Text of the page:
There are now a growing number of state related inquests and inquiries that have recognised the importance of beginning with pen portraits.

Family reflections on Grenfell: No voice left unheard

Earlier this year INQUEST conducted a consultation with families bereaved by the Grenfell disaster. We asked families about the aftermath of the fire and the process of phase one of the inquiry and how things might be done differently in the future. The resulting report, Family Reflections on Grenfell; No Voice Left Unheard, is powerful, insightful and crucial. An evidence based report with the family voice at its heart. The report is essential reading and I urge you all to read it. Only by listening to the lived experiences of families can efforts be made to improve these processes in the future.

The report makes for difficult and uncomfortable reading at times but it is apparent that families feel more must be done to include them and ensure they are at the heart of the process and not an afterthought. As one bereaved family member said 'Participation in a meaningful way is what would give the inquiry credibility. Justice must be seen to be done'.

The road to justice

The road to justice is a long and uncertain one. The families we work with want to see the truth, justice, accountability, and change. The police investigation has been running in parallel to the inquiry but the police have announced that they would not be sending their file to the Crown Prosecution Service until the public inquiry has concluded and the final report published. This is unlikely to be before 2021.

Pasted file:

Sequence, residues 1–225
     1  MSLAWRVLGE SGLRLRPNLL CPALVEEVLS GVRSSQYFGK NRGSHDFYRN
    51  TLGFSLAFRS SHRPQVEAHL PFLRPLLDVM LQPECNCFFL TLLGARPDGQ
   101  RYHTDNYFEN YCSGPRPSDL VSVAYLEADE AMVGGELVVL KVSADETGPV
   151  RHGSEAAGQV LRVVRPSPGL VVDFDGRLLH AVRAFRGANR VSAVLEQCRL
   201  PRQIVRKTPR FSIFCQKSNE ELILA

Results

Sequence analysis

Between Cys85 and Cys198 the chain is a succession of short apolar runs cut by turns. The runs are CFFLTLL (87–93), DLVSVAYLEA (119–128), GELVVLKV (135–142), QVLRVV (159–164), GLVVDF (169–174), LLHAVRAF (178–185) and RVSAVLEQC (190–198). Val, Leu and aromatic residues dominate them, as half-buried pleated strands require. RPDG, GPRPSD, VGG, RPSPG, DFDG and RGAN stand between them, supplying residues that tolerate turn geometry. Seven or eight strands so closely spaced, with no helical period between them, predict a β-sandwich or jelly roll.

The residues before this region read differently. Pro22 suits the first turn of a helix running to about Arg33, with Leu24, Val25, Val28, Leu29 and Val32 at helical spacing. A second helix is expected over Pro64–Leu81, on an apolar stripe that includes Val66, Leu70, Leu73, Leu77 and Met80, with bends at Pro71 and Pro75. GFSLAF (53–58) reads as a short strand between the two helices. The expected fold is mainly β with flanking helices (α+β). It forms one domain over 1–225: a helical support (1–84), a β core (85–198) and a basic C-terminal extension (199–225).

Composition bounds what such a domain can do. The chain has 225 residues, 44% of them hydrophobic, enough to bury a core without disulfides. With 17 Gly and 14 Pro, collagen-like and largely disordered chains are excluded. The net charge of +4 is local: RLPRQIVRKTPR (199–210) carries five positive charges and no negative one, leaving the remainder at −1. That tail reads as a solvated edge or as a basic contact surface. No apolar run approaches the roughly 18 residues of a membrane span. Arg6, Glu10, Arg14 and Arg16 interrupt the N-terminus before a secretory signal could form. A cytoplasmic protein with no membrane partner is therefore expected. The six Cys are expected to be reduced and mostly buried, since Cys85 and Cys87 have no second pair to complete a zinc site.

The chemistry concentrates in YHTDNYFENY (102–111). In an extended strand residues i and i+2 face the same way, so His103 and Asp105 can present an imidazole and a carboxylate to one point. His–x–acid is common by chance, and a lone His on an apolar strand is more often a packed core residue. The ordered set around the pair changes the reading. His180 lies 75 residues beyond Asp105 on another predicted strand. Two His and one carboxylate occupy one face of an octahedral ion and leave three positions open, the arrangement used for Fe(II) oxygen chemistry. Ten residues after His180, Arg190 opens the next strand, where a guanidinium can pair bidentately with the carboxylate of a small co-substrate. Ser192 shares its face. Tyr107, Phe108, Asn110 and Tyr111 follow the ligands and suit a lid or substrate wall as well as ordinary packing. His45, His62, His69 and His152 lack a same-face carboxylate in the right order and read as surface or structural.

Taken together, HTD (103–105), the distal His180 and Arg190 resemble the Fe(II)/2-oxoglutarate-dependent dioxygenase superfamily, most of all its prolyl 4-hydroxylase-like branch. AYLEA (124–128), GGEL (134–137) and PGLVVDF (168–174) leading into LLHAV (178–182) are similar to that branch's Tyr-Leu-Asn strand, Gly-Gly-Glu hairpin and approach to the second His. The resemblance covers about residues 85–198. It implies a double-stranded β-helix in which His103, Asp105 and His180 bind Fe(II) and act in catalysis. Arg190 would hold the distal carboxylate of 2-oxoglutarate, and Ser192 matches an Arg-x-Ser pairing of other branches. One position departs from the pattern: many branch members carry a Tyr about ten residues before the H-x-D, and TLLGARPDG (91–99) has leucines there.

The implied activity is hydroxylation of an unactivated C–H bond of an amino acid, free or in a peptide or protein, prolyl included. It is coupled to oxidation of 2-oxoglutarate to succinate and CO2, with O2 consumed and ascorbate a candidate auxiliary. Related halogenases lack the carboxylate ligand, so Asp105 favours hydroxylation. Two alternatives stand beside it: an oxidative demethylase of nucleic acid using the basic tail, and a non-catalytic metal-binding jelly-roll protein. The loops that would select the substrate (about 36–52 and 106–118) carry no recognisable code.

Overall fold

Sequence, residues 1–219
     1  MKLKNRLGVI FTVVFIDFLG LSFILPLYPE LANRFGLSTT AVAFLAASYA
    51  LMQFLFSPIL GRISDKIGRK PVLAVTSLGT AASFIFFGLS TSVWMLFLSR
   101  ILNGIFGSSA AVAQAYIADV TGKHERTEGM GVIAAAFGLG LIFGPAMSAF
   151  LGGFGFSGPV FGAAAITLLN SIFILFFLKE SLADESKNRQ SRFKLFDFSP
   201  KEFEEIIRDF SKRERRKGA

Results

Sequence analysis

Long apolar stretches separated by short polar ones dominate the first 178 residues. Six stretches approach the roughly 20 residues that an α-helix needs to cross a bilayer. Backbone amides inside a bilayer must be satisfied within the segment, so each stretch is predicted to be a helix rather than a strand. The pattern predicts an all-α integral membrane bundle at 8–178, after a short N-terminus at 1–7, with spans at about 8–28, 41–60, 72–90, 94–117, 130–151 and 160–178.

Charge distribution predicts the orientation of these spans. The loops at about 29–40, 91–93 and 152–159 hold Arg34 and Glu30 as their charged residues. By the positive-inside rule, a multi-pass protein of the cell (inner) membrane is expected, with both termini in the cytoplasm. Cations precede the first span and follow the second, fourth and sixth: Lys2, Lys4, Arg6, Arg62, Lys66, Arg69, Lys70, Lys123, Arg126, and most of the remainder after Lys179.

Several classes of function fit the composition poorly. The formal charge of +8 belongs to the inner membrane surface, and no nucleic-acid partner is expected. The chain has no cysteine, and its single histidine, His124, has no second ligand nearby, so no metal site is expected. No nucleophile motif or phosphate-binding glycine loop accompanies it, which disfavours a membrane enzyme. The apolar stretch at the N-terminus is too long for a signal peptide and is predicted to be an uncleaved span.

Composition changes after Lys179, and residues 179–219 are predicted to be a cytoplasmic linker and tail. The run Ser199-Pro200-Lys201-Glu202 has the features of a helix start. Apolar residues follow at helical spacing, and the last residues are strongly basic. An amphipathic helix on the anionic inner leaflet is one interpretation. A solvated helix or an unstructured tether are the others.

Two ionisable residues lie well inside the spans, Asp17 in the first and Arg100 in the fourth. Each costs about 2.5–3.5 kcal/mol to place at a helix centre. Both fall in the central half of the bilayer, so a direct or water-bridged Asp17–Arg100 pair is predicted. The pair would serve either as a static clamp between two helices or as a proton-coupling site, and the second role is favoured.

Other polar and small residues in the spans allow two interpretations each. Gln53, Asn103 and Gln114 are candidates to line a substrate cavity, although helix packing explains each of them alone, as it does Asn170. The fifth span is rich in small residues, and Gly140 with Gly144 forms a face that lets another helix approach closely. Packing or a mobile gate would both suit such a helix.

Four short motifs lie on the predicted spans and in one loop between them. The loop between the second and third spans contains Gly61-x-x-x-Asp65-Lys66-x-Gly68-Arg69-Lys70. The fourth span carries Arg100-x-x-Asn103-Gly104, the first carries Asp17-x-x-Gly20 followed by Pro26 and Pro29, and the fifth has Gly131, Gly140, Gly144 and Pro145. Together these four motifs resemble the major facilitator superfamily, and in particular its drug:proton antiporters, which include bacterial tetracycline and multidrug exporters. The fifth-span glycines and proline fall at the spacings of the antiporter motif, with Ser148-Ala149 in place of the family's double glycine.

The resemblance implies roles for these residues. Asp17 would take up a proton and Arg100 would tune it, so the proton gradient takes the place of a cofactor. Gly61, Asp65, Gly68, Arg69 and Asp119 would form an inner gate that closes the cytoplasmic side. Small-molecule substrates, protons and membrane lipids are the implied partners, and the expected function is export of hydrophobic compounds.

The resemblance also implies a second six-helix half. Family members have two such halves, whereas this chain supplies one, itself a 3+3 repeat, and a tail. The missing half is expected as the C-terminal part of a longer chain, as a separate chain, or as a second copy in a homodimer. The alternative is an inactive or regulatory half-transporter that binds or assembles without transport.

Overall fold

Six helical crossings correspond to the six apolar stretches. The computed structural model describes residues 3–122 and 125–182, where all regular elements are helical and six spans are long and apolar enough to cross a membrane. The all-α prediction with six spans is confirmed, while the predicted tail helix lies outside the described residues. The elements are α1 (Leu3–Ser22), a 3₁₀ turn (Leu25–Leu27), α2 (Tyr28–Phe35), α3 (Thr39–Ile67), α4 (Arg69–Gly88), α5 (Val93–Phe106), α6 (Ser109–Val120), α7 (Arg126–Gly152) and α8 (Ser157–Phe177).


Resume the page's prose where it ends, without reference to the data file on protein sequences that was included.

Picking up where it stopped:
The families and the future

The bereaved and survivors inspire me daily with their dignity, defiance and commitment to preventing future disasters. They and the campaign groups have managed to push for and achieve some change for the safety of us all. I hope the inquiry will make the necessary recommendations to achieve greater public safety. Then attention can turn to the government and their plans for implementation. Grenfell is a terrible chapter of our history, one we must never forget and one which must never happen again.

 

Views expressed in our blogs are those of the authors and do not necessarily reflect those of the Law Society.

Download the report Family Reflections on Grenfell: No voice left unheard

Legal aid for Inquests

Watch the Tedx Dignity and Defiance after Disasters

Grenfell Inquiry

Tags: justice | access to justice

About the author

Remy Mohamed joined INQUEST as a volunteer caseworker in May 2017 and became the Grenfell Project Coordinator in November 2017. She qualified as a solicitor in 2005 and has over 12 years of experience in criminal defence law specialising in representing children and vulnerable adults. She volunteers with a number of community outreach projects and is President of the Association of Muslim Lawyers.